Mutational robustness can facilitate adaptation

Nature. 2010 Jan 21;463(7279):353-5. doi: 10.1038/nature08694.

Abstract

Robustness seems to be the opposite of evolvability. If phenotypes are robust against mutation, we might expect that a population will have difficulty adapting to an environmental change, as several studies have suggested. However, other studies contend that robust organisms are more adaptable. A quantitative understanding of the relationship between robustness and evolvability will help resolve these conflicting reports and will clarify outstanding problems in molecular and experimental evolution, evolutionary developmental biology and protein engineering. Here we demonstrate, using a general population genetics model, that mutational robustness can either impede or facilitate adaptation, depending on the population size, the mutation rate and the structure of the fitness landscape. In particular, neutral diversity in a robust population can accelerate adaptation as long as the number of phenotypes accessible to an individual by mutation is smaller than the total number of phenotypes in the fitness landscape. These results provide a quantitative resolution to a significant ambiguity in evolutionary theory.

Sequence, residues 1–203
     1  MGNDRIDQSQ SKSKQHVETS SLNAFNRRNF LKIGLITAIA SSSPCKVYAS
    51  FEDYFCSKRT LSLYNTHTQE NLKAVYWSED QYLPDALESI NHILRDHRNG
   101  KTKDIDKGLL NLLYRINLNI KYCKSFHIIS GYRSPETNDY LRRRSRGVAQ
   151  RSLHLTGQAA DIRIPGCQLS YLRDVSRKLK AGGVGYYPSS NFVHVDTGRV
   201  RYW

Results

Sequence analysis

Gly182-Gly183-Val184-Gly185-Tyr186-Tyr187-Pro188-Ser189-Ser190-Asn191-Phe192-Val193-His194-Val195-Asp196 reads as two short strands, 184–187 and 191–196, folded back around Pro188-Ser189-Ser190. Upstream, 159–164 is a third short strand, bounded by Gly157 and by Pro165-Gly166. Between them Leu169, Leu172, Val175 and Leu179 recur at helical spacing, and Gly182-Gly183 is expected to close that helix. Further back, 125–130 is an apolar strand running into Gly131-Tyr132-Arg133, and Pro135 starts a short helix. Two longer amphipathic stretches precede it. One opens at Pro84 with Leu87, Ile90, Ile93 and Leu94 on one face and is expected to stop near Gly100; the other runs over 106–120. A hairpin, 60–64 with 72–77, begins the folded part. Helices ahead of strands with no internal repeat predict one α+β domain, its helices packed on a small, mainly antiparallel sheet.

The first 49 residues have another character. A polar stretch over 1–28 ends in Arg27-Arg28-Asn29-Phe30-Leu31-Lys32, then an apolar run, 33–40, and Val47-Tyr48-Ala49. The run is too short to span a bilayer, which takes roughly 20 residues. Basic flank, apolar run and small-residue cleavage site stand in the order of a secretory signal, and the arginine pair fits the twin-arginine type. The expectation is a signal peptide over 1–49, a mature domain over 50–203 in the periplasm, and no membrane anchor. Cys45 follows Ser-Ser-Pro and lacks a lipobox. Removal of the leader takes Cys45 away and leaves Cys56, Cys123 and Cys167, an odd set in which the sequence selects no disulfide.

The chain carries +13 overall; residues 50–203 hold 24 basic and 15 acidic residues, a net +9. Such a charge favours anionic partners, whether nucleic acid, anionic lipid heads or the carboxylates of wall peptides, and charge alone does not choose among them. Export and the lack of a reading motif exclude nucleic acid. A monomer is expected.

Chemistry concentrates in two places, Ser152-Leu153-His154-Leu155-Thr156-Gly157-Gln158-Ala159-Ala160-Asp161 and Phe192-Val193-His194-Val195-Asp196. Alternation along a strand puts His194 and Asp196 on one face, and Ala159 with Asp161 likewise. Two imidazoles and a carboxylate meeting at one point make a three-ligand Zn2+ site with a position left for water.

Publication types

  • Research Support, N.I.H., Extramural
  • Research Support, Non-U.S. Gov't
  • Research Support, U.S. Gov't, Non-P.H.S.

MeSH terms

  • Adaptation, Physiological / genetics*
  • Biological Evolution*
  • Genetic Fitness / genetics
  • Genetic Variation / genetics
  • Genetics, Population
  • Genotype
  • Models, Genetic
  • Mutagenesis / genetics*
  • Mutation / genetics*
  • Phenotype
  • Population Density
  • Time Factors